Cashback for Communities Youth Work fund deadline approaching

The Cashback for Communities Fund (CCF) has been set up by the Scottish Government as part of the Proceeds of Crime (Act) Investment which takes funds confiscated as part of the proceeds of crime and redistributes them back into local community-based projects.
The Youth Work Fund strand of CCF is administered by youth work agency YouthLink Scotland, and will focus on supporting projects to benefit young people from areas of multiple deprivation. Other areas will also be funded if they are seen to be suffering from particular problems or lack of resources.
Eligible organisations can apply for funding to support proposals which:
•Provide diversionary youth work activities for young people (aged between 10 and 24) that are: 
oLiving in areas of deprivation (priority will be given to projects working in communities within the top 20% SIMD).
oUnemployed, not in education or training (NEET).
oExcluded, or at risk of exclusion from school.
oAt risk of being involved in antisocial behaviour, offending/re-offending.
•Offer free diversionary youth work activities which raise the attainment, ambition and aspirations of these young people by: 
oBuilding capacity and confidence. (Mandatory outcome)
oDeveloping personal and physical skills. (Mandatory outcome)
oChanging behaviours and attitudes. (Mandatory outcome)
oImproving wellbeing. (Mandatory outcome)
oIncreasing school attendance and attainment.
oIncreasing engagement in learning, training, work and volunteering (positive destinations).
oIncreasing participation in positive activities.
oDiverting young people away from criminal behaviour or involvement with the criminal justice system.
oHelping young people to contribute positively to their communities.
•Take a proactive approach to ensure the activities are accessible to the target group of young people.
•Fill gaps in provision for young people or add value/build on existing provision.
•Support and encourage the involvement of young people in the development, management and running of the project.
•Demonstrate sustainability (whether in attracting other resources or in leaving a legacy).
Each Local Area has its own allocation of funds and its own local Assessment Panel.
Applicants operating in more than one area must submit a separate application for each area targeted.

eighth Inequality Briefing from NHS Health Scotland, this time on ‘Income, wealth and poverty’

This briefing explores the role of income, wealth and poverty in creating health inequalities, and the evidence for effective actions to reduce health inequalities in this area. As this briefing complements those already available (including their briefing on good work), the focus here is on broader economic and taxation issues.
You can also search for the briefings on Twitter using #inequalitybriefing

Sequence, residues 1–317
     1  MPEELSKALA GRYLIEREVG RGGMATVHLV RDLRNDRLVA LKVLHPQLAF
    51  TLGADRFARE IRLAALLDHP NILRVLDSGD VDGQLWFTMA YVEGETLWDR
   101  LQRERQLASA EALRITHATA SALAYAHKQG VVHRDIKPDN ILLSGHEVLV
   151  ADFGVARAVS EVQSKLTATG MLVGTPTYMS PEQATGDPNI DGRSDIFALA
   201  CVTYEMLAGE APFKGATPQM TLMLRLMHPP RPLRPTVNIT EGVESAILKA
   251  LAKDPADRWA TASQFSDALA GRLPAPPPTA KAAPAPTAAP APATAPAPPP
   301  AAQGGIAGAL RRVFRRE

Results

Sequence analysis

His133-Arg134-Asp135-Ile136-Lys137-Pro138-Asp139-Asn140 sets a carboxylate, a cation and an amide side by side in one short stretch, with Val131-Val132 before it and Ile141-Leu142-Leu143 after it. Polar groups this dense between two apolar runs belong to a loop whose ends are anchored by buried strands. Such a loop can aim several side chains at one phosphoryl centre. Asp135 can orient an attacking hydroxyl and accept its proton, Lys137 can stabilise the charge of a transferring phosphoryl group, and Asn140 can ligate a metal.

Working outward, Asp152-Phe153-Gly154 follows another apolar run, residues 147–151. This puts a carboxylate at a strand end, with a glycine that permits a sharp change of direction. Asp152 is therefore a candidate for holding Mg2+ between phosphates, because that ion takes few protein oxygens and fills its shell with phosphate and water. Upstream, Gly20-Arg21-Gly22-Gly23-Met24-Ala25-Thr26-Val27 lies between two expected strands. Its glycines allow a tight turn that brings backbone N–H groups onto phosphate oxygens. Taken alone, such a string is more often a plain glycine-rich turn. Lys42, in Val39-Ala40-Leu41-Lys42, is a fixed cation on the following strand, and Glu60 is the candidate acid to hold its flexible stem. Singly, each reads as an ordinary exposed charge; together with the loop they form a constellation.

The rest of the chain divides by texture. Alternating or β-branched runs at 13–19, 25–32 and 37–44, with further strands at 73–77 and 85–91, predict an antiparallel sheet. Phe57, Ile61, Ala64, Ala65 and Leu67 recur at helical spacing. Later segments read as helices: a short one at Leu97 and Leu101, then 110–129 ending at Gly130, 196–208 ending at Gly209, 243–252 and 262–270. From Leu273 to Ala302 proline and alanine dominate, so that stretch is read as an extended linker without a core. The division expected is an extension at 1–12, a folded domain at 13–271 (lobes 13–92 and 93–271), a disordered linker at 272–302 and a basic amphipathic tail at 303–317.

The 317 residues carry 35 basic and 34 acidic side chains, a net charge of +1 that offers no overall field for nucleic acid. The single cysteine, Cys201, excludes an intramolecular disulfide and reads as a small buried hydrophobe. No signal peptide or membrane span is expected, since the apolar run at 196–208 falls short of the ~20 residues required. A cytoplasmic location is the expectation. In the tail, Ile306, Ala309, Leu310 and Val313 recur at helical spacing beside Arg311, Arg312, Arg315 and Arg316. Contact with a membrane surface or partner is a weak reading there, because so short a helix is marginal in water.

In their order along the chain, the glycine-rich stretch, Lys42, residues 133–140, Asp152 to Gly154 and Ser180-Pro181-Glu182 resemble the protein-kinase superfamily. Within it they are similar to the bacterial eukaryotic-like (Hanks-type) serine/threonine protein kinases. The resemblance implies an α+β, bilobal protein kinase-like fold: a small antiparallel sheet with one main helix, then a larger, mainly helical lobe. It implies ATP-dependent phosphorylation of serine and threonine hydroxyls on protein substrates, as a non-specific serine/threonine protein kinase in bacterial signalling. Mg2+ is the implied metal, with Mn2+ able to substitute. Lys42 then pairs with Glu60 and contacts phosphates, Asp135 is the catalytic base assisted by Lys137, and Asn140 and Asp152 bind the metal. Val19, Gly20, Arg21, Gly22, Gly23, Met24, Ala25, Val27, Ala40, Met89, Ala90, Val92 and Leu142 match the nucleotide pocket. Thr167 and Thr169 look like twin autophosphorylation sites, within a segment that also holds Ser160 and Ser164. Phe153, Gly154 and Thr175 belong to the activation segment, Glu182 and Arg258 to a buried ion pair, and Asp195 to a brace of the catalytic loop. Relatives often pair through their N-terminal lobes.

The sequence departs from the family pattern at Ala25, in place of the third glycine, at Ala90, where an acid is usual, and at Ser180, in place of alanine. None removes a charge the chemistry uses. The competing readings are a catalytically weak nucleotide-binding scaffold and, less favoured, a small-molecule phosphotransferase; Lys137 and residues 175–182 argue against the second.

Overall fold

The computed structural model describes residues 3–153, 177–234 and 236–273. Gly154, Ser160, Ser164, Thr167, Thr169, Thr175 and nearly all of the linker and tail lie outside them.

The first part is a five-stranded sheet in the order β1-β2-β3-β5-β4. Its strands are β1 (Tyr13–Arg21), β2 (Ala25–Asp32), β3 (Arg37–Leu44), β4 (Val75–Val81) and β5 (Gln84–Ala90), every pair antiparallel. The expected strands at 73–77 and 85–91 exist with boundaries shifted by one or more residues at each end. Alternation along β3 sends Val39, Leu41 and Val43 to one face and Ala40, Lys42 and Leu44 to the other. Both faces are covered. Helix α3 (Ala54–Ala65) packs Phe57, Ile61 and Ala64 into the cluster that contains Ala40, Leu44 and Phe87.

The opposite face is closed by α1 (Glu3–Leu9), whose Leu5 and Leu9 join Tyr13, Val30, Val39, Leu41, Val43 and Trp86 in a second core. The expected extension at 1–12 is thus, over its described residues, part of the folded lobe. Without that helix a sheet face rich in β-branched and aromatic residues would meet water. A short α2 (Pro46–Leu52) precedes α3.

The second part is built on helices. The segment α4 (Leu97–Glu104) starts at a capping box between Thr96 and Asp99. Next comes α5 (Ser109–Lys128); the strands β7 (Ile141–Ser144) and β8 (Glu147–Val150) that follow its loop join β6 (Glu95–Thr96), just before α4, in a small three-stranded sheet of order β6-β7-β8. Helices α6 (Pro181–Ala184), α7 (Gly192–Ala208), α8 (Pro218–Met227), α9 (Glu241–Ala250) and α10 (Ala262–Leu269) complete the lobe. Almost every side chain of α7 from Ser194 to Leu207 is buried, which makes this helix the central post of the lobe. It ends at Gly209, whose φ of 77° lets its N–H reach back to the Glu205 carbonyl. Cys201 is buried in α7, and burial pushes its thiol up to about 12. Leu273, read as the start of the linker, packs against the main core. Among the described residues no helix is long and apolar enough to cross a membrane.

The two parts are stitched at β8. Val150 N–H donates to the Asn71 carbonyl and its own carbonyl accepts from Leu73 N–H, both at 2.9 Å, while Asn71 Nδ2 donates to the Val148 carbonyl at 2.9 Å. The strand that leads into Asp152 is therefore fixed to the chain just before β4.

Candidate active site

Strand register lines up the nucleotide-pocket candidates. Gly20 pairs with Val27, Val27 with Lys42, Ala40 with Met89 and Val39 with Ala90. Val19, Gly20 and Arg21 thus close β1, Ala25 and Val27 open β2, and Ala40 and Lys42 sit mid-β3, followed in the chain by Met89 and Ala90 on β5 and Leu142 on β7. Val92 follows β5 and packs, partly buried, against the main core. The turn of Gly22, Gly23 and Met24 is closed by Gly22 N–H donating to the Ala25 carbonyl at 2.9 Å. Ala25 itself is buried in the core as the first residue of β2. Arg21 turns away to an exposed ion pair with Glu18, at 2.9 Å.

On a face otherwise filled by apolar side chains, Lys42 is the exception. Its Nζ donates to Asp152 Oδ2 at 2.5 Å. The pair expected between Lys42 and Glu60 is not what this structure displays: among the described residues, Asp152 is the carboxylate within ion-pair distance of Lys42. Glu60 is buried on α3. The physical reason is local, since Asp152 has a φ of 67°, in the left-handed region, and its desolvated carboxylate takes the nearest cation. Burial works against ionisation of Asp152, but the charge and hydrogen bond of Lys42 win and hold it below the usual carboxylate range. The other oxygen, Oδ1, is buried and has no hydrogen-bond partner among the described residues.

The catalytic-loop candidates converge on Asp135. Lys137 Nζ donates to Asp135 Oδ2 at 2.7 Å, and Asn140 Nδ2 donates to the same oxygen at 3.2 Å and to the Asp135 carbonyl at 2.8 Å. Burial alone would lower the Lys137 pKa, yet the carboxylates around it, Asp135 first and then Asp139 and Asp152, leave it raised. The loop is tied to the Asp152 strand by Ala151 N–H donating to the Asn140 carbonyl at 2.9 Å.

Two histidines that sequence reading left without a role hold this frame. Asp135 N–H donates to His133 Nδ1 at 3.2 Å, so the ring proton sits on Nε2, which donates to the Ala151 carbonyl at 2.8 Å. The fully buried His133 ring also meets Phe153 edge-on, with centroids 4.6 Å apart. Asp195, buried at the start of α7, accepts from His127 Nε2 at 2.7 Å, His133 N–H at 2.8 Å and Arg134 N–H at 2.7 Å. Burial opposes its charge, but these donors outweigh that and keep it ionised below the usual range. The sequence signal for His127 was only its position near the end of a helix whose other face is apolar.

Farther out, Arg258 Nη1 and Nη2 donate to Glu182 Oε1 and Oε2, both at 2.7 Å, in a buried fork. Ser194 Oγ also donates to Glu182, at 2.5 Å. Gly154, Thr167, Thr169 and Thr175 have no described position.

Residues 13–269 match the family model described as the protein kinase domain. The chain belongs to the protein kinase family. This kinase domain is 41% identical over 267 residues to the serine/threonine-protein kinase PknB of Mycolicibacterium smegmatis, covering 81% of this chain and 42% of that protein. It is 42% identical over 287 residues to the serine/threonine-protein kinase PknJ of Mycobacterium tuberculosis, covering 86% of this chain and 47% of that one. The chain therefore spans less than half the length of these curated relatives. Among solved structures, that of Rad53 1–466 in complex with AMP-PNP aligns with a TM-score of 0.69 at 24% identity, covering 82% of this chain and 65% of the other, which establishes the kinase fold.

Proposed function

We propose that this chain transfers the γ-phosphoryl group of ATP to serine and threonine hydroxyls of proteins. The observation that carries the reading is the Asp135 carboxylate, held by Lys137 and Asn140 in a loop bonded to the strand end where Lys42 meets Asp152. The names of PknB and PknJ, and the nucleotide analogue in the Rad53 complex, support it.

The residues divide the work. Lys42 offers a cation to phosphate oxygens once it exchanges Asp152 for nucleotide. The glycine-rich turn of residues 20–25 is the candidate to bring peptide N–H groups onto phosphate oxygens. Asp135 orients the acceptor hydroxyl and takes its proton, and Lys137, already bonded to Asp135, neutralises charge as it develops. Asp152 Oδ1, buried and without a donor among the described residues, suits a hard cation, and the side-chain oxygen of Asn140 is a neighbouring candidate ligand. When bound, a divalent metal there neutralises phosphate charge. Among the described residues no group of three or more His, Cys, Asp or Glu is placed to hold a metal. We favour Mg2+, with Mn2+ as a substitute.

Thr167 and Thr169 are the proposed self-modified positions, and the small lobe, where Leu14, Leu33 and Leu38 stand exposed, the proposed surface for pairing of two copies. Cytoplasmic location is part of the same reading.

Scottish Government New Mental Health Strategy

Scottish Government New Mental Health Strategy
The new strategy, Mental Health in Scotland- a 10 year vision aims to organise mental health care and provision around three key 'life stages' :
'Start Well' (ensuring that children and young people have good mental health),
'Live Well' (supporting people to look after themselves to stay physically and mentally healthy, and to seek help when they need it); and,
'Age Well' (ensuring that older people are able to access support for mental health problems, and to live as long as possible at home). 

Two young ladies receive their Saltire Awards for being great Friday Friends!

Elsa Bain recently received her 10 and 25 hour Saltire Award alongside Chloe May who achieved her 25 hour Saltire Award for volunteering at Friday Friends.  
Friday Friends is an intergenerational befriending project that meets weekly at Eunson Kloss -facilitated by VAO’s Adult Befriending Service it supports young people to volunteer to deliver activities to elderly residents.  The sessions are fun, friendly and enjoyed by all involved.
Arlene Montgomery, Development Worker for the Adult Befriending Service said,
“The young lasses are fantastic!  They are always keen to get involved, yap to everyone and give up their time to join in with the group.  It really is a great experience for everyone involved.  Well done to the girls in achieving their Saltire Awards.”

To audit or not to audit?

Does your governing document, which sets out the rules by which the charity must operate, require your charity’s accounts to be audited?
Some governing documents contain reference to a requirement for an audit as a generic term for checking the accounting records. The word audit in charity law will mean that the accounts need a full statutory audit by a registered auditor, even where the law would not require it on the basis of the charity’s income or asset levels.
If this is the case, it may involve additional expense for the charity. You may want to amend your governing document so the charity trustees can choose not to have an audit if it would not be otherwise required.

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